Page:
Changes in Communication

Before implementing the new working style, evaluate the internal communication channels and meeting environment at your organization.

Given that nearly half of organizations operated remotely to some extent between 2020 and 2022, your staff has probably made substantial progress in this area. Some strategies you used to optimize remote operations will be very beneficial throughout the four-day workweek.

It will be essential to be able to answer repeatedly to the same project, idea, or conversation, for example, or to communicate asynchronously. This is especially true if you imagine that some employees work from Monday through Thursday, others from Tuesday through Friday, etc.

In order to increase productivity on weekdays, you must first address the overabundance of meetings that most firms experience. Tools like WhatsApp are typically just as useful as meetings in office settings, it just takes an organizational mindset shift in many cases to prove that.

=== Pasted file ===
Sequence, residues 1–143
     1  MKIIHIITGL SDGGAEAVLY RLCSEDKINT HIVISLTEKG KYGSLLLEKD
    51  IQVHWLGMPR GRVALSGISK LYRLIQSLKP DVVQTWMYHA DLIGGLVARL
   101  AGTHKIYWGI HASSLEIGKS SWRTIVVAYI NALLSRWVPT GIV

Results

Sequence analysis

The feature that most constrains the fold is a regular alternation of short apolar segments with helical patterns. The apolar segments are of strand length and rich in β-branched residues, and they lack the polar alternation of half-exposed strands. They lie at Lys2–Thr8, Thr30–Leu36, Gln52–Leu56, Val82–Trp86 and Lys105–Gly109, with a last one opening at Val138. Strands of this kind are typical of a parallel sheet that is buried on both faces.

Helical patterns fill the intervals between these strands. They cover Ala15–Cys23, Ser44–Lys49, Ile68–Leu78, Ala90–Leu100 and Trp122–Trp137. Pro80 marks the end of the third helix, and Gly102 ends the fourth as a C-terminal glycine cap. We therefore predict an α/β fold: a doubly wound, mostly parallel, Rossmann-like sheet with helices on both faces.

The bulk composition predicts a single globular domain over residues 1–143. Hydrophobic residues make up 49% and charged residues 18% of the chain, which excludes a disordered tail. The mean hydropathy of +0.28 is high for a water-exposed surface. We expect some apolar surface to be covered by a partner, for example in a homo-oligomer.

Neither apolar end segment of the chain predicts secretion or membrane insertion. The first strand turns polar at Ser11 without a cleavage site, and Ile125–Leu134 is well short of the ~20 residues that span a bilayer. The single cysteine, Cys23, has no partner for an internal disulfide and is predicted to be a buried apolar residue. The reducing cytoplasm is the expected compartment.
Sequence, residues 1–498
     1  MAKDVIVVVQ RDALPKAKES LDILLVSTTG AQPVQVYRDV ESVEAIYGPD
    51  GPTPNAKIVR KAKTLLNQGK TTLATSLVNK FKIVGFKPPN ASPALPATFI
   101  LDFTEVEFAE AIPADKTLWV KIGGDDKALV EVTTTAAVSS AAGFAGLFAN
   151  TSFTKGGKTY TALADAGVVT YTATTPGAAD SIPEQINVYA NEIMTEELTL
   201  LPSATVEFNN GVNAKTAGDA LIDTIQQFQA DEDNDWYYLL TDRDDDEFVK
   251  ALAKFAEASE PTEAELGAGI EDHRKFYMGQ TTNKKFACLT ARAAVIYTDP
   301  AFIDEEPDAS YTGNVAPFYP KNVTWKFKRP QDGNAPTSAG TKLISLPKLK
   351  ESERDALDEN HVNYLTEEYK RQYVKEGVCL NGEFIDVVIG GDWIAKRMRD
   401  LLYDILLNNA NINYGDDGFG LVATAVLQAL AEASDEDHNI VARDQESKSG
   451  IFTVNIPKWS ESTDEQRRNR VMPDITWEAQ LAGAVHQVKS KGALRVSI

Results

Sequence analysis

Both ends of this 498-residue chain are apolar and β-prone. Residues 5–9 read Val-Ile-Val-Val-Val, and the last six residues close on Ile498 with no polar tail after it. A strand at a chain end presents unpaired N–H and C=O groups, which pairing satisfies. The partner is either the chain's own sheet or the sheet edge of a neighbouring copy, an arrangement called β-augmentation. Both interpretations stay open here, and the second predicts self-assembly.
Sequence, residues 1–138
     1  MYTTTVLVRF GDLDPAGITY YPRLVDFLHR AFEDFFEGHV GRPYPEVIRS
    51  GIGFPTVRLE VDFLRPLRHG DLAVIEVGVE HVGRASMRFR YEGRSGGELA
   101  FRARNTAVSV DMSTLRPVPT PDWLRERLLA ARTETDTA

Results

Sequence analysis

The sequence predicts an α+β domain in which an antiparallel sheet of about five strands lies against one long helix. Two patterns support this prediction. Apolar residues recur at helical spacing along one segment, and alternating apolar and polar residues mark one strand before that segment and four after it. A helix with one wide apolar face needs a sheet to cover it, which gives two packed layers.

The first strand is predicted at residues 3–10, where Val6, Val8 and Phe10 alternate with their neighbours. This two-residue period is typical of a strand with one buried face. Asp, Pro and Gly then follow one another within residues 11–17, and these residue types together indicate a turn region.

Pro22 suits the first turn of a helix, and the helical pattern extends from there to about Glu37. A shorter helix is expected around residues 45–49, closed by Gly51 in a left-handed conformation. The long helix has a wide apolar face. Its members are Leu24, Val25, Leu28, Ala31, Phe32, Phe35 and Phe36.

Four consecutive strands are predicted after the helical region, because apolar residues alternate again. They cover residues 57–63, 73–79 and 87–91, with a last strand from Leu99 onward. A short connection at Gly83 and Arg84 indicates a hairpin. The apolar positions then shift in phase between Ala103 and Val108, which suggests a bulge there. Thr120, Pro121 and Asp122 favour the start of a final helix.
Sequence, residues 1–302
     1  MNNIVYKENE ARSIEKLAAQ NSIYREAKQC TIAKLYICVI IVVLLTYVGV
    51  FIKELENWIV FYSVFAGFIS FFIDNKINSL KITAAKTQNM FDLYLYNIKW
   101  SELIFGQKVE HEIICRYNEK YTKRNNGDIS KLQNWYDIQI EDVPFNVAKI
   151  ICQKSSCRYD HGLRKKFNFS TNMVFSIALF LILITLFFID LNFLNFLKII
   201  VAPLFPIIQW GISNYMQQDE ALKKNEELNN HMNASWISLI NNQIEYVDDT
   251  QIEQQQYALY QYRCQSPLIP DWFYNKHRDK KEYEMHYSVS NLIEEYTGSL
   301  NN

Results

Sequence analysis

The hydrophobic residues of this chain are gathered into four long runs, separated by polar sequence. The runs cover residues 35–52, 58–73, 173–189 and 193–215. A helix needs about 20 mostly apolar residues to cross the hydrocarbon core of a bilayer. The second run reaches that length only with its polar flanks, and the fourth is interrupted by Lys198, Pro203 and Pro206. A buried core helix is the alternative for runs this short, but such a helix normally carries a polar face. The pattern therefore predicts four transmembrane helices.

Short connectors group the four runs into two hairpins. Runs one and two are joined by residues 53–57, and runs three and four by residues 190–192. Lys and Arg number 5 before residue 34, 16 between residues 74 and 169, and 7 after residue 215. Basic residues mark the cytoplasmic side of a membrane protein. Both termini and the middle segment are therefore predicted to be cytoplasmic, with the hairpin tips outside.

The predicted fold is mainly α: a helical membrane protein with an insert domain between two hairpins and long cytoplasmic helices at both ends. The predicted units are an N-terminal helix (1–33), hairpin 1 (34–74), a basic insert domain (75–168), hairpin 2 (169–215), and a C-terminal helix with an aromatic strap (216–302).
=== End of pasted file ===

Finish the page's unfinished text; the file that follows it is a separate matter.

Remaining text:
Testing the Modification

You wouldn’t modify your website copy or product launch budget without first running a bunch of tests right? That’s why for many companies considering experimenting with a four-day workweek at your company for a period of time that isn’t too long—say, a few months—but enough to allow workers to adjust, will make the most sense. 

Set benchmarks and don’t commit to moving forward until everyone feels comfortable with the test. To remove friction, experiment and respond to the data like you would with anything else in business.

If you are considering experimenting in this way, a consultant can be a huge help. At Pearl Lemon Consultants we can offer the expertise of not just our world class talent management consultants but also our IT consulting teams (to help you get all of those new communication tools up and running) our lean business consulting experts and more. Contact us today and let’s discuss how Pearl Lemon Consultants can help you.